The town of Leamington on the northern border of Millard County is situated in a small but fertile valley of the winding Sevier River. It is surrounded on the north, east, and south by the Wasatch range.
In 1871, a number of people from Oak City visited the present site of Leamington. Unlike other Utah settlements, these people were not sent to Leamington by Church authorities. However, Bishop Platt Lyman of Oak City did send John Lovell to Leamington to act as the presiding elder. The first permanent settlers in Leamington built their home in 1873.
Leamington was named after a town in England by Frank Young, a nephew of Brigham Young who was one of the early settlers in Leamington.(*)
The station at the head of Echo Canyon was also known as Frenchies and Castle Rock. It was a contract station on the Pony Express and Stage route. Jabusch believes that the station originally stood in the abandoned town called Castle Rock, which was located about a mile and a half down the canyon from the present junk yard site known as Castle Rock. The structure was apparently built of logs, and after being sold to a French trapper in 1867, was moved up to the canyon to the junk yard site, owned in recent years by the late Curtis Moore.Traveler and author Horace Greeley did not enjoy the ride through Echo Canyon. His description:
“The canyon reminded me afresh that evil and good are strongly interwoven in our earthly lot. Throughout the desolate region which stretches from the Sweetwater River nearly or quite to Bridger, we had in the main the best natural road I ever traveled…. But in this fairly-grassed ravine, hemmed in by steep, picturesque bluffs… we found the ‘going decidedly bad,’ and realized that in the dark it could not be but dangerous.”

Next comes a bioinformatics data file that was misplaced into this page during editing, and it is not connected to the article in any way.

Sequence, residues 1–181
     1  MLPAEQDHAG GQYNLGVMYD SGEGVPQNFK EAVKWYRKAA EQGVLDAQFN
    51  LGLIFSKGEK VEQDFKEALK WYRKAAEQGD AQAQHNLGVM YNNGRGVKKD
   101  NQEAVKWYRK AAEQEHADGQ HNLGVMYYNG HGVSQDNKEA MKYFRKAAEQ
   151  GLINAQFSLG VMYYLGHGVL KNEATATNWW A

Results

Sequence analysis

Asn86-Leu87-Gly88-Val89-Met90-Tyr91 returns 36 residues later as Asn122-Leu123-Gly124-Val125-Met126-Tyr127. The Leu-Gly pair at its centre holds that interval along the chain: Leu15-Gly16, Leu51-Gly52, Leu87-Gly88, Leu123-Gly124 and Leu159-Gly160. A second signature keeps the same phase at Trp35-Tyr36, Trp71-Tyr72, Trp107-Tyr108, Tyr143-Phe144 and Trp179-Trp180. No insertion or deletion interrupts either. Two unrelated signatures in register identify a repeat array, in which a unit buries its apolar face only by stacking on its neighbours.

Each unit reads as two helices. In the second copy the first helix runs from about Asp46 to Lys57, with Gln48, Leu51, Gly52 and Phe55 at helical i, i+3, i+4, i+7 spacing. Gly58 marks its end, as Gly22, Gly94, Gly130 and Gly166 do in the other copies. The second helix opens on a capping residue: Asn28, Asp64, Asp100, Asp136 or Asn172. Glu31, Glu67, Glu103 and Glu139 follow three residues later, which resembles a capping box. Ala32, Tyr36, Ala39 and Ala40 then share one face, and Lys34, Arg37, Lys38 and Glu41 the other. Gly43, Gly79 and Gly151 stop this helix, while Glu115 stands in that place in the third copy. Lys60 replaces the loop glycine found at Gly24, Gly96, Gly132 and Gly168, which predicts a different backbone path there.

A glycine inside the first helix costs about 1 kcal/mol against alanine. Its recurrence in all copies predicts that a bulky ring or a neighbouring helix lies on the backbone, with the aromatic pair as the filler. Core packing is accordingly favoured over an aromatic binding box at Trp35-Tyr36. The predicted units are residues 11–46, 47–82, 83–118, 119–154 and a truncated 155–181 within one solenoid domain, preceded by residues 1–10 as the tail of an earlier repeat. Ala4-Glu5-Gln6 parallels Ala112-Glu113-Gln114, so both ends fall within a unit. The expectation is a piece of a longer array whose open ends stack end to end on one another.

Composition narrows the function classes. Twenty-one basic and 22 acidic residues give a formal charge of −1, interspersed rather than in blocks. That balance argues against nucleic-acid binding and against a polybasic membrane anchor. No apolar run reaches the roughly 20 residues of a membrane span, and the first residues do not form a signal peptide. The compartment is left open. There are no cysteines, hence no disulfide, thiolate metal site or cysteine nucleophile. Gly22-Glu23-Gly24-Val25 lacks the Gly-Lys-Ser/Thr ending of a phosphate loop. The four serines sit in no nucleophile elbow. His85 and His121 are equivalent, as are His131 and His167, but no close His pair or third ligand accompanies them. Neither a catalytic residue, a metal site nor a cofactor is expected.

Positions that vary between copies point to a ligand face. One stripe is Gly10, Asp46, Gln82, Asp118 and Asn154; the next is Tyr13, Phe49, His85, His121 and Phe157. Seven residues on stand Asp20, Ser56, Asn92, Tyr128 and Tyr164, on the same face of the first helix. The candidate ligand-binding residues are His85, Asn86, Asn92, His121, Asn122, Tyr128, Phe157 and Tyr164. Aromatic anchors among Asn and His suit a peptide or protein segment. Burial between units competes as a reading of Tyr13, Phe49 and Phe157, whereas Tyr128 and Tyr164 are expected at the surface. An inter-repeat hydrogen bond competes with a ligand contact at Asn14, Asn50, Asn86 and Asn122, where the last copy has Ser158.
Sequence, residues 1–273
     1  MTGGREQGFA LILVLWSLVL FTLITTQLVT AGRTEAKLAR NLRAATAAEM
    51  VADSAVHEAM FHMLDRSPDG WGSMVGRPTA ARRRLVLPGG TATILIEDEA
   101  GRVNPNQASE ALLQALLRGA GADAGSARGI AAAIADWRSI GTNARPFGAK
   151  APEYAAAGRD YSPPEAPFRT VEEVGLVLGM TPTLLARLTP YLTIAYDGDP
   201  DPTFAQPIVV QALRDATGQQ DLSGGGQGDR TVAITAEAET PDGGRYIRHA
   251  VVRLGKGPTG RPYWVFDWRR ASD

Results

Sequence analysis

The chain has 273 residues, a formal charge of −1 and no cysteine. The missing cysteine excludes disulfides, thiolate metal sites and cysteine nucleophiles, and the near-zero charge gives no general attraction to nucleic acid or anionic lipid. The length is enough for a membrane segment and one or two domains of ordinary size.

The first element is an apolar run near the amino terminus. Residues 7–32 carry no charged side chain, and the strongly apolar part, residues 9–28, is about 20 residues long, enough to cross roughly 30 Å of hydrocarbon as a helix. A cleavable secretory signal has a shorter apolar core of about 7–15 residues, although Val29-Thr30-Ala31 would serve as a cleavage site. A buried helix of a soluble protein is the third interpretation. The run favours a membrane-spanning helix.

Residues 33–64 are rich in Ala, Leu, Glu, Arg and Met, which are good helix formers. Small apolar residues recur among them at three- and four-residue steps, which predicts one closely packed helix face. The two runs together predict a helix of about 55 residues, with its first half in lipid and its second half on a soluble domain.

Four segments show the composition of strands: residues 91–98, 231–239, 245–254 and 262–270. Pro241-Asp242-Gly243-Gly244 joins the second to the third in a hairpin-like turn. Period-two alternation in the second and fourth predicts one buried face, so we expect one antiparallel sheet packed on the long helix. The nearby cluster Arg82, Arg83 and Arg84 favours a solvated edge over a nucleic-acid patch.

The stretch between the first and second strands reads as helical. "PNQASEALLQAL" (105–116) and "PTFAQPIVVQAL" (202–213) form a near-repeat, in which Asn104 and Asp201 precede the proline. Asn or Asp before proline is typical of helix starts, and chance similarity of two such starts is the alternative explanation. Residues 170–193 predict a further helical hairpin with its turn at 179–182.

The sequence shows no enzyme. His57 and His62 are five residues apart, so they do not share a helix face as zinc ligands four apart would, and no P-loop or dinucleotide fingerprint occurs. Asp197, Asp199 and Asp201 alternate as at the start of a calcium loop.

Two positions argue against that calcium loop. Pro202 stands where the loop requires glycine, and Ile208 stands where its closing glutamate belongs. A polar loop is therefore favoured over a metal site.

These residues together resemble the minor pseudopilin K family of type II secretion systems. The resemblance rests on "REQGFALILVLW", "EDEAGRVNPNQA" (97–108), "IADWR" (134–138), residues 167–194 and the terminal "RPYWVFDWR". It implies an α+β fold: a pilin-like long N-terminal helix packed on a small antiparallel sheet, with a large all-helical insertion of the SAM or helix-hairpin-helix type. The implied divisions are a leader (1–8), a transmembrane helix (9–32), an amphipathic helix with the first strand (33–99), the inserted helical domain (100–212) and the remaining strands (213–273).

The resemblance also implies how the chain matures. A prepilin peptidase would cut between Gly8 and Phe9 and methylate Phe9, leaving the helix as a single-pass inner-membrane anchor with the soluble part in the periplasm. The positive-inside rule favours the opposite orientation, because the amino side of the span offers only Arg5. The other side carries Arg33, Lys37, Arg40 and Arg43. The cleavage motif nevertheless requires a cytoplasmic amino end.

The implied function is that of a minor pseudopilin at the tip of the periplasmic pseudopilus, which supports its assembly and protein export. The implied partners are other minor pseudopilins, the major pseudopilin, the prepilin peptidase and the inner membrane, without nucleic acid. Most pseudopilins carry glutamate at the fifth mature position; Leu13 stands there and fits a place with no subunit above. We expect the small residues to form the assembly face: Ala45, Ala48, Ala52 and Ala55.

Burton, who often found little to praise on the western frontier, seemed to be fascinated with the “picturesque bluffs.” Despite a team of unbroken and rather fractious mules he wrote,
“A whole Petra was there, a system of projecting prisms, pyramids, and pagoda towers, a variety of form that enabled you to see whatever your peculiar vanity might be; columns, porticoes, facades and pedestals. Twin lines of bluffs, a succession of buttresses all fretted and honey-combed, a double row of steeples slipped from perpendicularity, frowned at each other across the gorge. And the wondrous variety was yet more varied by the kaleidoscopic transformation caused by change of position: at every different point the same object bore a different aspect.”Echo Canyon has but one fault: its sublimity will make all other similar features look tame.”
Back to the southeast, and unfortunately on private land, one finds the well-known trail landmark called Cache Cave. The cave was a popular camping spot on the emigrant trail, and, high up on the cave walls where livestock cannot rub, the names of many Mormon Pioneers can still be seen.Information provided by Patrick Hearty, NPEA Utah, 2005.
The Utah State Capitol is the house of government for the U.S. state of Utah. The building houses the chambers and offices of the Utah State Legislature, the offices of the Governor, Lieutenant Governor, Attorney General, the State Auditor and their staffs. The capitol is the main building of the Utah State Capitol Complex, which is located on Capitol Hill, overlooking downtown Salt Lake City.